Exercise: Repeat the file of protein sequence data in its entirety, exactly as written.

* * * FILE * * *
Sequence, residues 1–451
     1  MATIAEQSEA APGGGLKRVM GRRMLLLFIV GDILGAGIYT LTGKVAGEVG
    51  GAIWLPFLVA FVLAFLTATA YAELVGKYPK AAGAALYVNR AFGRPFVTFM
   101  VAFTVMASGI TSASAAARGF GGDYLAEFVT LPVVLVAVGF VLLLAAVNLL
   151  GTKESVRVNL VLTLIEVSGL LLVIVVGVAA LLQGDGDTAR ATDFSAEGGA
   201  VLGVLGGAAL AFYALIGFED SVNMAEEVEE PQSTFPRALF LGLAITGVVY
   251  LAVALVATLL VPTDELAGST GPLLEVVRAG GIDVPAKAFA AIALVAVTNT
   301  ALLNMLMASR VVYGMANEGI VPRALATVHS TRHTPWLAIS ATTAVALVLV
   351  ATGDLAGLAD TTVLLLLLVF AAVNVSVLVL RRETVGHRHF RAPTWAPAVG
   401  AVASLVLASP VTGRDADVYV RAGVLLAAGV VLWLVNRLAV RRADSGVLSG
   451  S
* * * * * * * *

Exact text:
Sequence, residues 1–451
     1  MATIAEQSEA APGGGLKRVM GRRMLLLFIV GDILGAGIYT LTGKVAGEVG
    51  GAIWLPFLVA FVLAFLTATA YAELVGKYPK AAGAALYVNR AFGRPFVTFM
   101  VAFTVMASGI TSASAAARGF GGDYLAEFVT LPVVLVAVGF VLLLAAVNLL
   151  GTKESVRVNL VLTLIEVSGL LLVIVVGVAA LLQGDGDTAR ATDFSAEGGA
   201  VLGVLGGAAL AFYALIGFED SVNMAEEVEE PQSTFPRALF LGLAITGVVY
   251  LAVALVATLL VPTDELAGST GPLLEVVRAG GIDVPAKAFA AIALVAVTNT
   301  ALLNMLMASR VVYGMANEGI VPRALATVHS TRHTPWLAIS ATTAVALVLV
   351  ATGDLAGLAD TTVLLLLLVF AAVNVSVLVL RRETVGHRHF RAPTWAPAVG
   401  AVASLVLASP VTGRDADVYV RAGVLLAAGV VLWLVNRLAV RRADSGVLSG
   451  S